“It fits in with the context of my work,” says Szoka. “In many respects I photograph things in transition. People and details of life which one could say is in transition. I’m also involved in a project called ‘Green and Black,’ photographing my mom’s hometown, a coal mining town in eastern Pennsylvania.Â
“It’s all about community,” she adds. “What’s special about different areas — it’s the capital of community instead of the capital of dollars.”
One of Szoka’s favorite places to shoot has been at the First Baptist Church on the Turnpike. She has gone to a number of services, spent time with church staff and parishioners and even photographed an adult baptism.
“I’d never been to an adult baptism before — that was remarkable,” says Szoka. “I felt privileged to be able to be there.”
“They’ve embraced the project from the get go,” says Szoka. “The first few services, I just went and didn’t photograph. I feel it’s important to spend the time in a community to get the pictures you want.”Â
During her photographic sessions, Szoka also had an opportunity to hear stories. Many of the African American families she has talked to in Bridgehampton can trace their arrival on the East End from southern states.
“For a number of people I talked to, the ancestors were migrant workers from villages and towns in Virginia,” says Szoka. “A few came from Florida — their parents or grandparents worked all the big farms around here. There was a point that they decide to move here permanently.”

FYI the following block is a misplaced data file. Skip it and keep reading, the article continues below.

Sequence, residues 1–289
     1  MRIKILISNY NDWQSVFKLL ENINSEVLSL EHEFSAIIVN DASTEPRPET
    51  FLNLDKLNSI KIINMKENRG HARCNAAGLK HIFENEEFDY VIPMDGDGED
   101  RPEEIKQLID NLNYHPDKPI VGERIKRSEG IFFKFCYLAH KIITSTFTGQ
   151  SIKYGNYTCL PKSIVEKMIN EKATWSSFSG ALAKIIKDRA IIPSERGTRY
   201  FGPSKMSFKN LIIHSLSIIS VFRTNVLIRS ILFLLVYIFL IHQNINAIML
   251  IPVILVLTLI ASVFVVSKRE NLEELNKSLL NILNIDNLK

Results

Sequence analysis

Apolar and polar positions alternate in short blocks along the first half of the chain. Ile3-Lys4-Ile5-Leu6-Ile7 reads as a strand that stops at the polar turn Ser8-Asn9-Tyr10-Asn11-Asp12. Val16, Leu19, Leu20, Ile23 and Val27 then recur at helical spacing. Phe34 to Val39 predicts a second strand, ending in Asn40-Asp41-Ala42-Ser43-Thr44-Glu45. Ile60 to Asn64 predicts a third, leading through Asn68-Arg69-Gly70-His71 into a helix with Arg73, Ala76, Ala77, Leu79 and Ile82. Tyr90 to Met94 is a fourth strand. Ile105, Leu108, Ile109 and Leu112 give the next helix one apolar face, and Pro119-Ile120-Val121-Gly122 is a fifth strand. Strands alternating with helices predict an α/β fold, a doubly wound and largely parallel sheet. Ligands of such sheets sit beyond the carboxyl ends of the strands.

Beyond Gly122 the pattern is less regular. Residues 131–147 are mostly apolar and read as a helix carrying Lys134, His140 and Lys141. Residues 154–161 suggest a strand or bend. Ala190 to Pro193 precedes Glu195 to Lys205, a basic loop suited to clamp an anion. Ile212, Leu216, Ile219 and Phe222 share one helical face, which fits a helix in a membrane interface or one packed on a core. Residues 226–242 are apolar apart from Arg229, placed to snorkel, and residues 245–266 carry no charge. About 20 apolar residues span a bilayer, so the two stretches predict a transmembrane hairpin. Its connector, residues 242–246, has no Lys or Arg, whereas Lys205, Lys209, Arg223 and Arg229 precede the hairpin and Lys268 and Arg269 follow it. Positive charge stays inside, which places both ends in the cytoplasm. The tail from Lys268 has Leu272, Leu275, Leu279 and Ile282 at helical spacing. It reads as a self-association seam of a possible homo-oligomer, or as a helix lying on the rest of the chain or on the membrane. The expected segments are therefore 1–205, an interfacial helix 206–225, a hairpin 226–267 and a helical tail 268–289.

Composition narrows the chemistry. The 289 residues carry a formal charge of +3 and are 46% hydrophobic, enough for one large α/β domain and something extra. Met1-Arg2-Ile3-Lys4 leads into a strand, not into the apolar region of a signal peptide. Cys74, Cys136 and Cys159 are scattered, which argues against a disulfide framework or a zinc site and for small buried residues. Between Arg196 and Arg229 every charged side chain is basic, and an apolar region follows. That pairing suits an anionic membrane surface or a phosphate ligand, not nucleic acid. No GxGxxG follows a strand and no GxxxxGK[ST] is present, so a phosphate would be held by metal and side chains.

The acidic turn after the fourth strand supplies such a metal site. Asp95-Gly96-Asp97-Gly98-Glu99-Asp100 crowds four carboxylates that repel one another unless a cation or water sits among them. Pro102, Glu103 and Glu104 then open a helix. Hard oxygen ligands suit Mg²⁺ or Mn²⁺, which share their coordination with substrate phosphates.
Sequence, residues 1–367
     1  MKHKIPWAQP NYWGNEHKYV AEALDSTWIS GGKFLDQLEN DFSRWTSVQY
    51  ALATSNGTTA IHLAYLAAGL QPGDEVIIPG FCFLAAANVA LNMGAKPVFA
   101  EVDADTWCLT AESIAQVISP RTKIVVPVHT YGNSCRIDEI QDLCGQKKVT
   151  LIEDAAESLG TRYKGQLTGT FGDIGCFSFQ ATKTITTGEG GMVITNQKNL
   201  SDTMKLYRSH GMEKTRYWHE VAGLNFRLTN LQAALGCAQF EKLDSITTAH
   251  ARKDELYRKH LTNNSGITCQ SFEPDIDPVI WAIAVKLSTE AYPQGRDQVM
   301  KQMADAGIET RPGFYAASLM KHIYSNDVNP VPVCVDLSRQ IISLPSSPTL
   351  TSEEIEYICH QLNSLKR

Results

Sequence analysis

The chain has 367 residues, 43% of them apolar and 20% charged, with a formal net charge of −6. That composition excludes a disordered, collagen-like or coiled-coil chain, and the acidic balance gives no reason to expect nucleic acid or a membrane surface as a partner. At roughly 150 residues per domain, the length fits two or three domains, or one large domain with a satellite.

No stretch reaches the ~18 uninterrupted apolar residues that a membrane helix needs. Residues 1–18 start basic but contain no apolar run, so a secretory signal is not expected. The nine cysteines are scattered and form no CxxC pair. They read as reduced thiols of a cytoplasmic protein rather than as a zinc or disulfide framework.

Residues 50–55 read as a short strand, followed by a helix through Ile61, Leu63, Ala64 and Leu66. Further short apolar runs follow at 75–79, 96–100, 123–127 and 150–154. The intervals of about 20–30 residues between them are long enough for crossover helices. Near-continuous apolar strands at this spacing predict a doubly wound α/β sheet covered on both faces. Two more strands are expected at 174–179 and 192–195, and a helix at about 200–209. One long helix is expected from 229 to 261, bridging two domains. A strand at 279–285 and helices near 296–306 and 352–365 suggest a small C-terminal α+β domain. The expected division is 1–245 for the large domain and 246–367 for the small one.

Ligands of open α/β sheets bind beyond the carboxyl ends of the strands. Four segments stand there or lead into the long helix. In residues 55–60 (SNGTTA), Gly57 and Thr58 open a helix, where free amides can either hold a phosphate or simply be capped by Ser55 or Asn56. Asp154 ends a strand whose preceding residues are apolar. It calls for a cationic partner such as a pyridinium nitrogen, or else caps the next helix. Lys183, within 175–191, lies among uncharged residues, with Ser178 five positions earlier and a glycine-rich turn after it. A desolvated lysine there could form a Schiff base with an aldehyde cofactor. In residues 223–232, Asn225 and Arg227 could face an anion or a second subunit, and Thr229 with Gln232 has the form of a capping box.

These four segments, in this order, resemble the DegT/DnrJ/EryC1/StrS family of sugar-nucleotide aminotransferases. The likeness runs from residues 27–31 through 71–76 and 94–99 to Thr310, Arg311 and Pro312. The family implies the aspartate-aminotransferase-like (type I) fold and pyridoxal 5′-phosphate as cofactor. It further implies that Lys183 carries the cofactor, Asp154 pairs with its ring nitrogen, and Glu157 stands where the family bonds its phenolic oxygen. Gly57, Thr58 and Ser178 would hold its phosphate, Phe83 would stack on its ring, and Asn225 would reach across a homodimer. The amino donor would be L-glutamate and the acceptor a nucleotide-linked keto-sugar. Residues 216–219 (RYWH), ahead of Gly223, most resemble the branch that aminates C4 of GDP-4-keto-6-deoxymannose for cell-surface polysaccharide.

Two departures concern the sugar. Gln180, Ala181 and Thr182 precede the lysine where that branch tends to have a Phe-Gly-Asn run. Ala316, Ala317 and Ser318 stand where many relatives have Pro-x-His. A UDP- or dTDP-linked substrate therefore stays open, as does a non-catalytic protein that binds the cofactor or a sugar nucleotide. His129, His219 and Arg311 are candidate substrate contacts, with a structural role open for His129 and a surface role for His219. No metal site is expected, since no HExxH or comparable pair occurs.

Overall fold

“One woman, Alice Darden — she’s 98 — was from Virginia and she said part of the reason she moved here was because the cotton industry collapsed. The work they had there was no longer. They decided to stay here.”
“The spirit of the older people is strong and invigorating,” adds Szoka. “It’s really terrific to sit with people and feel their life force.”
While Darden represents the oldest Bridgehampton resident Szoka has photographed to date, her work spans the gamut, and includes people of all ages.
“I’m trying to not concentrate on any one age range. I want to have a cross section as I go forward with the project,” says Szoka.Â
Interestingly enough, some of the younger generations in Bridgehampton have been forced by finance or circumstance to return to the places their ancestors may have originally left for a better life up north.Â
“Some see a cyclical aspect to what’s happening,” says Szoka. “Children and grandchildren are moving back down south. Their ancestors left the Jim Crow south for work and to have a less discriminating area to live in, but now because they can’t afford to live here, they’re going back south.”
Economic issues and natural patterns of familial movement as children grow, leave school and start lives of their own dictates that change in Bridgehampton, like everywhere, is inevitable. The goal, notes Szoka, is to capture what can be found today.
“The community has a very rich cultural heritage that we will all be enriched by,” she says.Â
“I’ve learned many things. Every time I sit down in someone’s living room or kitchen and hear about their life, I’m enriched. I learn about their stories.”
Top: Szoka’s photo of Bridgehampton resident Ava Mack at the 2008 Bridgehampton School graduation ceremony.